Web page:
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MealSharing.com brings strangers to the table

Karen Dybis
Special to The Detroit News

On a recent Thursday, a group of relative strangers gathered in Jenna Davies' Grosse Pointe Park apartment, each having brought a dish of food or a chilled bottle of wine as a contribution to the ultimate community meal.

Coats and boots stowed, the apron-clad Davies brought her fellow MealSharers into the kitchen, where they heaped portions of homemade hummus, Moroccan vegetable tagine and bean-and-white-mushroom risotto onto their plates.

From the conversation that flowed between bites, you'd never know that most of the people attending Davies' vegetarian feast had never met before. This successful gathering is typical of MealSharing, which founder Jay Savsani hopes will catch on quickly in Metro Detroit.

"No matter where you MealShare, whether it is Detroit, Chicago, Berlin or Brazil, there is a common thread between all of us: We care about good, honest home cooking and community exchange," Savsani said.

Along with hostels, Airbnb and an active couch-surfing community, Detroit now has a small yet resolute group of MealSharing advocates who say the timing is right for this food-based phenomenon to take off. And there's no better moment, notes Savsani, than the Thanksgiving Day holiday for Metro Detroit to full embrace the MealSharing concept.

To that end, Savsani and his co-creators came up with "ThanksSharing," allowing hosts and guests in more than 450 cities worldwide to share this ultimate dinner Thursday — and beyond. Savsani and MealSharing advocates like Davies hope this introduction will boost the area's interest.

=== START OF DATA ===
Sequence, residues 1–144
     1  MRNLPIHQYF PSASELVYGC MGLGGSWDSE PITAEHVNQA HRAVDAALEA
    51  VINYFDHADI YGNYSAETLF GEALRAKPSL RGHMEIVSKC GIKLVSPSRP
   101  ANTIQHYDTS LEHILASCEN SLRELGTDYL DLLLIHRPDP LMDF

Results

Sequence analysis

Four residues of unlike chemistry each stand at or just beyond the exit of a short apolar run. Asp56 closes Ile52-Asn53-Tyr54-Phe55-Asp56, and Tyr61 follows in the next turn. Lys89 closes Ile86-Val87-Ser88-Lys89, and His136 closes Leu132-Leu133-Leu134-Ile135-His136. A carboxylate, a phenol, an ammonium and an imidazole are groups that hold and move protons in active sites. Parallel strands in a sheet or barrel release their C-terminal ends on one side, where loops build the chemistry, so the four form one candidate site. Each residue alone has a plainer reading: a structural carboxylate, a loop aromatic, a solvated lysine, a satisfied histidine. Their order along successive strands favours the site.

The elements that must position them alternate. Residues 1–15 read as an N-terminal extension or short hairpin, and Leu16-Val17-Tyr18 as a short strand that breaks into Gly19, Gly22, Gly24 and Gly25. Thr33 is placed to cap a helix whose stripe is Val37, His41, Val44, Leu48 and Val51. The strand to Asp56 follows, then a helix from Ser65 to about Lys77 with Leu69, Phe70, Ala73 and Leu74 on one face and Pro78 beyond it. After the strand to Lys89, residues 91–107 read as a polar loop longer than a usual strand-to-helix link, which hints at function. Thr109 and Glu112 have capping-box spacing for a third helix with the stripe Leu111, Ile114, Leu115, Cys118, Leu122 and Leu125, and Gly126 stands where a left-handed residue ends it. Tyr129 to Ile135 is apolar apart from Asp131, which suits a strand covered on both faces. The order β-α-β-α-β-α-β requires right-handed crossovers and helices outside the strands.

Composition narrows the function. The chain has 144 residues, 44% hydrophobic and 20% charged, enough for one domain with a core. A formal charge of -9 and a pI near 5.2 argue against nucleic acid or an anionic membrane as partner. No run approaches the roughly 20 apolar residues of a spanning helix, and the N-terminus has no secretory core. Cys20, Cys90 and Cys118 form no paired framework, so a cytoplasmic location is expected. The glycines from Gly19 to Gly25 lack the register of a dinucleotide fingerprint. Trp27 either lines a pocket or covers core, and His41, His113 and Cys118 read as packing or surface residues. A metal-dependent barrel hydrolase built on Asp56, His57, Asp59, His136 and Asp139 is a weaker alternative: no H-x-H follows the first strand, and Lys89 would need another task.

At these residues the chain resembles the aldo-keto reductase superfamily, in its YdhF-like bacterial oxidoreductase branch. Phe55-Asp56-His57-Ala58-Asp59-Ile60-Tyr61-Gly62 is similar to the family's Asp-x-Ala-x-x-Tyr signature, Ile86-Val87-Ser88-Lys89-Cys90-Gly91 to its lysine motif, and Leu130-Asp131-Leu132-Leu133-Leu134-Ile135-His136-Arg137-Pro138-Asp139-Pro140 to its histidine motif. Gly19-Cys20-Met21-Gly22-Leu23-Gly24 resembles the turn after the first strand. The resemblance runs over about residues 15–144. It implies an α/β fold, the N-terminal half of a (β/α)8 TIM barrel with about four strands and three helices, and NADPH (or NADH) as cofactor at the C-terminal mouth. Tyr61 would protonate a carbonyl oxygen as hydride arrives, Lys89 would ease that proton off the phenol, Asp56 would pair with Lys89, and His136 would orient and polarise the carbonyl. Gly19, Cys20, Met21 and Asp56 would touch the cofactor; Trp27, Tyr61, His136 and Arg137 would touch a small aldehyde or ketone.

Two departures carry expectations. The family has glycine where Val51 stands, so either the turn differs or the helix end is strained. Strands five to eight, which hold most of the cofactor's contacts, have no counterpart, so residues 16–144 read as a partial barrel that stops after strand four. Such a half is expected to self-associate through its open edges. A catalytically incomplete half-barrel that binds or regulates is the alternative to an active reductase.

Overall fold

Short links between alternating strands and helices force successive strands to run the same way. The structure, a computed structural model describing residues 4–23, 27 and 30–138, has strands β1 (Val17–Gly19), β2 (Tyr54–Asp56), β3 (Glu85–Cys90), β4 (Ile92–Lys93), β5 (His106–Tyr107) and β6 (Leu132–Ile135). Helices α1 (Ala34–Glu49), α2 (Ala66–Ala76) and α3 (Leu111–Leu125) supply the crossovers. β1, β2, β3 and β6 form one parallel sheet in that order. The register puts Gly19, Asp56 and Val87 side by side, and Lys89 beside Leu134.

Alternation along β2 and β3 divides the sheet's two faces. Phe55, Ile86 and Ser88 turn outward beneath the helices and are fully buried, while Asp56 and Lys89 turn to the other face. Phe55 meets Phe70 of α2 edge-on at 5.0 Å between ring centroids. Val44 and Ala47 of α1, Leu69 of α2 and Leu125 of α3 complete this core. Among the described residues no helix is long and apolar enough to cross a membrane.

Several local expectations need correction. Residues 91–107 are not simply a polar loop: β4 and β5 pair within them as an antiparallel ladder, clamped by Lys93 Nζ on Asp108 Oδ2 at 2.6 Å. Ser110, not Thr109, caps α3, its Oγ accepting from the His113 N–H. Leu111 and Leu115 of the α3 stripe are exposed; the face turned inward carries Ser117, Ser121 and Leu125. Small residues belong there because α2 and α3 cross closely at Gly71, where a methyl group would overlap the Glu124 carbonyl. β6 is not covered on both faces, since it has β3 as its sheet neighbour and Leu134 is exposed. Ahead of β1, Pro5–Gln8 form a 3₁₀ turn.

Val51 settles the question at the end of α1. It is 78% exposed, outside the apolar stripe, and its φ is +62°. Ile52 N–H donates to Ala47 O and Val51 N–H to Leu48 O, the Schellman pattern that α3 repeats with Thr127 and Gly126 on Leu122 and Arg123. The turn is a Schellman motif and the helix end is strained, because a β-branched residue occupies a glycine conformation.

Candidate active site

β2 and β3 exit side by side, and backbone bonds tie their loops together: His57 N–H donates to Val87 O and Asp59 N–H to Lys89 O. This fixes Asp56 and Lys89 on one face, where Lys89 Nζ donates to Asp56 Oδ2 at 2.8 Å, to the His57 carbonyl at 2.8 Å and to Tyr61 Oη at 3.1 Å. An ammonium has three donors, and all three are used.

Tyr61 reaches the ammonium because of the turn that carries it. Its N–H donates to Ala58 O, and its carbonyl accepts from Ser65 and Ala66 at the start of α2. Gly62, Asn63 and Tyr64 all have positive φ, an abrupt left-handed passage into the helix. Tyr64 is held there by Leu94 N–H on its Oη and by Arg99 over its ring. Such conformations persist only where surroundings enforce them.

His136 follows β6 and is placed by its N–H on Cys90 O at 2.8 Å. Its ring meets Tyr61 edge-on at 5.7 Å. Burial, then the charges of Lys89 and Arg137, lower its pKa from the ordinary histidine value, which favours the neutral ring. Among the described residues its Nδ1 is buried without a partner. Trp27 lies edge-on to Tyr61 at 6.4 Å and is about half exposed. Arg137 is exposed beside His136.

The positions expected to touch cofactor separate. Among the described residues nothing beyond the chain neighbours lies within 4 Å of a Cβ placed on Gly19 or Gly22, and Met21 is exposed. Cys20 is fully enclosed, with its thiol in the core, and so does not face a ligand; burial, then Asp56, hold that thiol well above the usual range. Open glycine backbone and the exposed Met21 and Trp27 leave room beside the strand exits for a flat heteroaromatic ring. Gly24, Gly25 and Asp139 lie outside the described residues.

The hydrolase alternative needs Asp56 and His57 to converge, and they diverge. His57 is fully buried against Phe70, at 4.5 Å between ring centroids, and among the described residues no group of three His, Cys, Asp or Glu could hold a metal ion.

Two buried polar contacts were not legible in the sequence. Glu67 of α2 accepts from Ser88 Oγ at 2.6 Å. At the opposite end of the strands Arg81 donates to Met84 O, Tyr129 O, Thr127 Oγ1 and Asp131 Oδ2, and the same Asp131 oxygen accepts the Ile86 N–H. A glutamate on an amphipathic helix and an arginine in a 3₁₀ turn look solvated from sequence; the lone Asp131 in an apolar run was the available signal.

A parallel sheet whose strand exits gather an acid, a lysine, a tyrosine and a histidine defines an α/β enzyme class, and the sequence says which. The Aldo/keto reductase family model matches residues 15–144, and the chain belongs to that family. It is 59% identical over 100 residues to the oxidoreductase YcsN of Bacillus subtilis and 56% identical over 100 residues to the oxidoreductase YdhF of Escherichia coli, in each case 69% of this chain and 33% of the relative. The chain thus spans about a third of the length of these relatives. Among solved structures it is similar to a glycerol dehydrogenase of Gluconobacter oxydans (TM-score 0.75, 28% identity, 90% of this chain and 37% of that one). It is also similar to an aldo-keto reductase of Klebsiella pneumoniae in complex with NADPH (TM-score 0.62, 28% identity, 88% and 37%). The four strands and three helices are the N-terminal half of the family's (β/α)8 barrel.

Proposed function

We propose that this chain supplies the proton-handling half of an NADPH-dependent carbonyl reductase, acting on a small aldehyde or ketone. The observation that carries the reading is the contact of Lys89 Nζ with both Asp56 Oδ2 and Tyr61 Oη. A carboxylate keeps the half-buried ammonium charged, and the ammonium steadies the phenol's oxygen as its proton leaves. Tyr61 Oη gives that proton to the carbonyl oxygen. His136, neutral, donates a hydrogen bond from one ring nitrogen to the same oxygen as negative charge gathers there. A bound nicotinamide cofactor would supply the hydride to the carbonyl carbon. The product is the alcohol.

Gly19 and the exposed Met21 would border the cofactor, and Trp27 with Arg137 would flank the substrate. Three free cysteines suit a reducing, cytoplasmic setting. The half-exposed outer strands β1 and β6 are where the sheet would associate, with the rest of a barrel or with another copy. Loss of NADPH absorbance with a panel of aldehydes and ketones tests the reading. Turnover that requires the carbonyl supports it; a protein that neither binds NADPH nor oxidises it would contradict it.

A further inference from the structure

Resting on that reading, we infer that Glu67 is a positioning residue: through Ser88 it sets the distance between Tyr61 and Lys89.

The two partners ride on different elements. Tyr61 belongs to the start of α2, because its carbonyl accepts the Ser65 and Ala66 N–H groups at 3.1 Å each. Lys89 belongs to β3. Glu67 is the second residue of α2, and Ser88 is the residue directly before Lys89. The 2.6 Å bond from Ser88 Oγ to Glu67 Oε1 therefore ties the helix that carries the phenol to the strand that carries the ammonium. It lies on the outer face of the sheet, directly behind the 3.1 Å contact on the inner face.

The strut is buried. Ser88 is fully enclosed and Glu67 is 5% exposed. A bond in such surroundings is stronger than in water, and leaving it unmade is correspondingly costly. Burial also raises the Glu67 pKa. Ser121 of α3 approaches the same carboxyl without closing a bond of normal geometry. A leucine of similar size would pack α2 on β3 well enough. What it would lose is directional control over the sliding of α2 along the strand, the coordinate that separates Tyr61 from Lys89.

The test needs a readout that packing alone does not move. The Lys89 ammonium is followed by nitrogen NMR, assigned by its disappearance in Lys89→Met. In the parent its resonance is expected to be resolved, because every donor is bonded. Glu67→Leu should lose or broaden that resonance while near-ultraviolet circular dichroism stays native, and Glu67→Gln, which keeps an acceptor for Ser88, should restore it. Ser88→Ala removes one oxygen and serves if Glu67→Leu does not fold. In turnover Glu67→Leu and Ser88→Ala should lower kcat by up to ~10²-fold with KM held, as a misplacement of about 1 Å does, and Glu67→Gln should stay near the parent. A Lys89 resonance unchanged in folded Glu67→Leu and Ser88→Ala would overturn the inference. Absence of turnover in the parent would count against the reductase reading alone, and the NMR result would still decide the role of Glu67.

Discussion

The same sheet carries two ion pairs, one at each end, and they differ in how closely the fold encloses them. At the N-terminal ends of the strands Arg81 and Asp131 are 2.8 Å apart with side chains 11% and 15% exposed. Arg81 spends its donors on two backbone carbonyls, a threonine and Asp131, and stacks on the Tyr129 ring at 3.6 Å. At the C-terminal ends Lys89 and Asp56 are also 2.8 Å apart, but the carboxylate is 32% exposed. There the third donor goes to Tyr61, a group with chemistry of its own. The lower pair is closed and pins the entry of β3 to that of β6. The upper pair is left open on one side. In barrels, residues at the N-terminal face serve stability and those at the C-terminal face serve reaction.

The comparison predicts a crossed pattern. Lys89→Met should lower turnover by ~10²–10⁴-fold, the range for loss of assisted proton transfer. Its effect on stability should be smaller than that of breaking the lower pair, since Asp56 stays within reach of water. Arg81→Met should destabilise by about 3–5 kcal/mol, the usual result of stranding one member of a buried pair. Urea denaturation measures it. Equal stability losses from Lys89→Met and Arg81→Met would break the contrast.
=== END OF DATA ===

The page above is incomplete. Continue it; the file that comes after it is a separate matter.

"Whether you're traveling, alone for the holiday or simply want a different experience, ThanksSharing is bringing people across the globe together through technology over one very special meal," Savsani said.

To host an event, hosts log on to MealSharing.com and set up a dinner specifying what they are making, how many people can come to their table and the optional "chip-in" price per person to help offset the cost of ingredients.

By selecting ThanksSharing as the type of meal, guests from around the world can easily search and join a ThanksSharing dinner with one click. A special ThanksSharing webpage for those seeking a meal also is available with a potluck feature to promote community involvement. The MealSharing.com platform also allows for those who either host or attend a ThanksSharing meal to raise money for local food banks.

Savsani created MealSharing.com last year after experiencing an unforgettable meal experience while traveling in Siem Reap, Cambodia. The Chicago-based entrepreneur, who has hosted more than 50 meals featuring his "traditional West Coast Indian food," said his mission is to build friendships through sharing resources, cultural exchanges and healthy home cooking.

"You get a great meal, but you also get support," Savsani said. "One of our hosts recently had a house flood, and people rallied together to help them recover. People have gotten jobs from MealSharing. People have found relationships through it. … The power of a meal is a great way to stimulate and grow a community."

Afterward, guests and hosts review their experience, building trust and safety into the system. Newcomers such as Jerry Brian Inwood of Dearborn said he appreciates that part of the website, allowing him to get to know the hosts.

When he was serving in the Marines, he shared meals with people across the globe, he said, and that is why he was drawn to MealSharing. He described Davies as a "warm and hospitable host" who organized a "good meal where everyone felt welcome and comfortable."

"The group dynamic (to MealSharing) is very much about inclusion," Inwood said.

Karen Dybis is a Metro Detroit freelance writer.